wherever it is most cost effective. Our outreach, however,
is driven by other considerations – we need to get services to
underserved areas. We first choose an area that is
underserved and then we start with what is needed. Are we
maximising profits? No, we are operating at whatever level
the market will sustain and the market is our best indicator.
Aarong products, for example, are touted as too expensive –
however, Aarong’s sales continue to increase, and on the
other end, we are sustaining the livelihoods of more and
over the years (50 that Sir Fazle Abed served 1970-2019) the full list of brac enterprises
2,6 14 nation leading supply chains financial opportunities to end poverty ;
define the markets that the poor needed designed nationwide to maximise human development of the whole nation - back when bangladesh emerged as new nation in 1971- 90% of people were rural-- the national government were had little enough taxes etc to cater for the 10% in the cities; not every poorest nation will need exactly the same markets value chains designed for development but if poorest nations dont have a network playing the enterprise role that brac played it is hard to see how a nation emerges from leatr developed
it should also be noted that bangladesh has virtually no position in mineral resources (please correct me if you have other info firstname.lastname@example.org); on the one hand this means that it does not have many foreign corporations extracting from it; conversely to date this gas meant that bangladesh's exoert markets are confined to 3 main dimensions
food ie where agriculture produces srpluses to its own people food needs nd/or cash crops (eg tea)
garments - bangladesh has becomes second to china as a leading garment exporter - brac has played a background role in always celebrating artistc and cultural design capabilities (nb 2020s may be a tough decade to retain this ranking - its not clear whether technology will disadvantage Bangladesh or even who/what forms the nation's main's strategizing in this market) - there have also been tragedies eg Rana which make the transparency of this sectirs wealth distribution unclear - of course the world's biggest fashion brand's also bare responsibility for teh overall global purpose of clothes markets which faces both environmental and social scrutiny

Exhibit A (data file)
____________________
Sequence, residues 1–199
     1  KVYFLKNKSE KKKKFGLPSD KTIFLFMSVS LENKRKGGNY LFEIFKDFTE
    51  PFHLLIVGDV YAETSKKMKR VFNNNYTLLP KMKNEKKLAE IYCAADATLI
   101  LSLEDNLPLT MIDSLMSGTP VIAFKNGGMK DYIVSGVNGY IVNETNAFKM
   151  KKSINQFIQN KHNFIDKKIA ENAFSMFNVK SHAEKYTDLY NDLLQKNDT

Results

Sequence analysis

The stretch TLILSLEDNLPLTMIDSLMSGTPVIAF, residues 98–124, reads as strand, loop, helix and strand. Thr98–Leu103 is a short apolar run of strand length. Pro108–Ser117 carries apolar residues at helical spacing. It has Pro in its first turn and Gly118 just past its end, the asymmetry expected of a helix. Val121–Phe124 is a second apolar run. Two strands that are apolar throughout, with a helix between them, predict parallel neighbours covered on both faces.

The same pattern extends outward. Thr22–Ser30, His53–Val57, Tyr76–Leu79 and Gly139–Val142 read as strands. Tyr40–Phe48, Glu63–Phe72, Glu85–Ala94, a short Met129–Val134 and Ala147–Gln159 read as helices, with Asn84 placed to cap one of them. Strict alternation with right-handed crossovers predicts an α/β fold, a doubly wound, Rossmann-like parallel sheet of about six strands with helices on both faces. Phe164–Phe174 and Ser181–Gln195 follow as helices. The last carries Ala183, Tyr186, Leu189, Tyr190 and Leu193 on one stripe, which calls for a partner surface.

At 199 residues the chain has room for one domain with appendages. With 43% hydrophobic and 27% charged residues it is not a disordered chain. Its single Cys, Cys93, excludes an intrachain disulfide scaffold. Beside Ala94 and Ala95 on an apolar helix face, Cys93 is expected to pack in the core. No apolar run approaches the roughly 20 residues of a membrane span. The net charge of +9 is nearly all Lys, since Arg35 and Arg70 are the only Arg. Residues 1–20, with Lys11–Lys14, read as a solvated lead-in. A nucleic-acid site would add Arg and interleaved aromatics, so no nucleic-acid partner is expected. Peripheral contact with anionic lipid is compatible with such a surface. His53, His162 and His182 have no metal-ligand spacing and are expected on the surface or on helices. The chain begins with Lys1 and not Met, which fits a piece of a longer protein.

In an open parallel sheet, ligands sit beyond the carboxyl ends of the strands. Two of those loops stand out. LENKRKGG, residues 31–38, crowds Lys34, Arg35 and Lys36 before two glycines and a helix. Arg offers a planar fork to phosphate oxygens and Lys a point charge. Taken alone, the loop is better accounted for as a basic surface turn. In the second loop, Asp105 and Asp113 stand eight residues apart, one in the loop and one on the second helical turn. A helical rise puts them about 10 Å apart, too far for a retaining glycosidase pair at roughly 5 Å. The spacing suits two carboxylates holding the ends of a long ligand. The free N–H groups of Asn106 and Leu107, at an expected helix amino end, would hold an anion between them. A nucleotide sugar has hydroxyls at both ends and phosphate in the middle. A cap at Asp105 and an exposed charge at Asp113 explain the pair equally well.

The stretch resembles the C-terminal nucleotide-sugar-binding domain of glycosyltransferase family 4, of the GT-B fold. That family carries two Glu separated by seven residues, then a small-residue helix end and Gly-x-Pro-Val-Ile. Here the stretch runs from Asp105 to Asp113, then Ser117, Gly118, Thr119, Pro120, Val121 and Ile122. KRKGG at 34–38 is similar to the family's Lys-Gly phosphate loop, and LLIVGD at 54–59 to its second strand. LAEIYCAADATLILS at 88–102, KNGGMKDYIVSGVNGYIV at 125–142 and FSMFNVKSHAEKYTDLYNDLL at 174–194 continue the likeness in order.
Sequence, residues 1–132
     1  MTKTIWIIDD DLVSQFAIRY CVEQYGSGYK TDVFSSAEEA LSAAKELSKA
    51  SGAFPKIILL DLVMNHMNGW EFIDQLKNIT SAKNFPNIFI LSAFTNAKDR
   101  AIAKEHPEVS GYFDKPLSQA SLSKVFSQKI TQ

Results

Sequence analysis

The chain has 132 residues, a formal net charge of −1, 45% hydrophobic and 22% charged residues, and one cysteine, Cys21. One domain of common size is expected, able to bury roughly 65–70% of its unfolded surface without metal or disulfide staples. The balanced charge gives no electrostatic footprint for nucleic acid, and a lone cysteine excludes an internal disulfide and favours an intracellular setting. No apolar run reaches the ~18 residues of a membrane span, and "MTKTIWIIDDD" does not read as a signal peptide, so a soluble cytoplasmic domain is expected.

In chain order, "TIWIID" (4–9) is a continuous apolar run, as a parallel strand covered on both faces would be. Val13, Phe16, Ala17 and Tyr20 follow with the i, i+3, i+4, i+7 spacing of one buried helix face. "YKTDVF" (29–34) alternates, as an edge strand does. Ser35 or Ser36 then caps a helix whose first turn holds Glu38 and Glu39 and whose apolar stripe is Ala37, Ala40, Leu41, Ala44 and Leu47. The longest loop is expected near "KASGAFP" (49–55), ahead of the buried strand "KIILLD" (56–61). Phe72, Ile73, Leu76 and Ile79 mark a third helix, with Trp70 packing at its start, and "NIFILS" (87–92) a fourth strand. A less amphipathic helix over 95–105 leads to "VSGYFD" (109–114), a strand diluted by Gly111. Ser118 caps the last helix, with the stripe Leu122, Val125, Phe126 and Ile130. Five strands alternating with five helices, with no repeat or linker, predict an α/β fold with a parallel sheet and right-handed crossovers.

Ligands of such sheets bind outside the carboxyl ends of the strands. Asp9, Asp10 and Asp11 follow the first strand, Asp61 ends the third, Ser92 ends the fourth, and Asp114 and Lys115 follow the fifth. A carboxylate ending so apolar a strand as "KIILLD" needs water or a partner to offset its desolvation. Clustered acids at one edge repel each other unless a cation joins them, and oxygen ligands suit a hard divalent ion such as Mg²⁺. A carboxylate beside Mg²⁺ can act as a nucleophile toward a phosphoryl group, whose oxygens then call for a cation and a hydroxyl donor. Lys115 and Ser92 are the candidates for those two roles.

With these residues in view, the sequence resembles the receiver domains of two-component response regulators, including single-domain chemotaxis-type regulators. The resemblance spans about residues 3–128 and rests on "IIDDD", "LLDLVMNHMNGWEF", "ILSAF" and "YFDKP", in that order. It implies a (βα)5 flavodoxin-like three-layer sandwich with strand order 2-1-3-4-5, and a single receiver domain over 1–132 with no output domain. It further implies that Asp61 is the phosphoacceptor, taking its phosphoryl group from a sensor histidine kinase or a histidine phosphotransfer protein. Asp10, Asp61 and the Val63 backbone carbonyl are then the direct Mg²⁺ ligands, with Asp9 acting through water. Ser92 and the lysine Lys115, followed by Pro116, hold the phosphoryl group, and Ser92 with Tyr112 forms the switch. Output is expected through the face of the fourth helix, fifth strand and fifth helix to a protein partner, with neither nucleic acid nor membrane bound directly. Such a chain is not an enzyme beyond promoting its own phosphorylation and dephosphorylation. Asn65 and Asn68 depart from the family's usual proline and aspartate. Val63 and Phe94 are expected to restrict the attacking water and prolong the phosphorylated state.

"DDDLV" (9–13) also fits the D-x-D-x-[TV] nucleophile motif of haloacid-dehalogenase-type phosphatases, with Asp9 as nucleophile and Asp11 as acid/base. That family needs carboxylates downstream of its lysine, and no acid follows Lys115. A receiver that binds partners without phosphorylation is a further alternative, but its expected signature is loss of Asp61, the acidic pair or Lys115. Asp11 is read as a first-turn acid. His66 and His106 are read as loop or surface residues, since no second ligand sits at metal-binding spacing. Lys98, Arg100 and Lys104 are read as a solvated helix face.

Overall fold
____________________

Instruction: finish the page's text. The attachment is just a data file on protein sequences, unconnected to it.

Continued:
remittances - brac is a country where many of the strongest males are sent abroad to work on other nations buildings etc - by remitting back much if their earnings they support their families- over time brac needed to get into remittances a market that has often charged (excessively) for the money transfer from foreign nation through to village families - some estimates show remittances as about a third of all foreign exchange earned (ongoing review needed)
previous notes on brac dairy
milk is a difficult product to market in a developing and humid nation - it doesnt keep long
fazle abed wanted to improve value even for small producers by marketing powdered milk , but timing was everythng- he had to wait untile the eu stopped dumping
there are q uite a lot of stories about brac dairy that need careful mapping - one is a new accountant who seeing the numbers of the dozen or so manufacturing plats said its obvious this one needs closing - its bring down profitabilty- to which abed said not obviious thats the poorest part of the coubtry and more emplymemt would be lost by closing that dowb than anywhere else
social business models are not afraid to cross-sponsor for the benefit of maximising total livelihoods sustained
================= write up at brac factsheet
BRAC Dairy was launched in 1998 to help marginal and homestead dairy farmers gain better access to the market and receive fair prices. A large number of our microfinance clients were investing in cattle, and in doing so were being exposed to risks owing to poor breeding, limited veterinary services, shortages in cow feed and the inaccessibility of the market. Some of these challenges were addressed through social enterprises such as BRAC Artificial Insemination and BRAC Feed Mills, but the perishable nature of dairy products meant that it remained difficult for rural dairy farmers to reach large urban markets. BRAC Dairy works to offer market access to rural dairy farmers by buying milk from them at a fair price, and ensures a constant and steady demand and good return for the milk being produced by these rural entrepreneurs
BRAC Dairy today Today, BRAC Dairy not only secures fair prices for its rural dairy farmers, but has also expanded to offer cattle development and technical training, vaccination, feed cultivation facilities and other services. BRAC Dairy was the first dairy company in Bangladesh to have received ISO 22000 Certification, setting an example of vigilance at every stage of dairy production, processing, and distribution contributing to dairy products’ safety record.Through its 101 chilling centres, BRAC Dairy collects milk from more than 50,000 registered farmers and sells them nationwide under the Aarong Dairy brand.
Quick stats BRAC Dairy has a collection and processing capacity of around 250,000 litres of milk per day. Today, the enterprise accounts for 24 per cent of the national packaged dairy products market. Currently, this enterprise serves approximately 50,000 dairy farmers in the western region of Bangladesh with over 1,400 employees working under its umbrell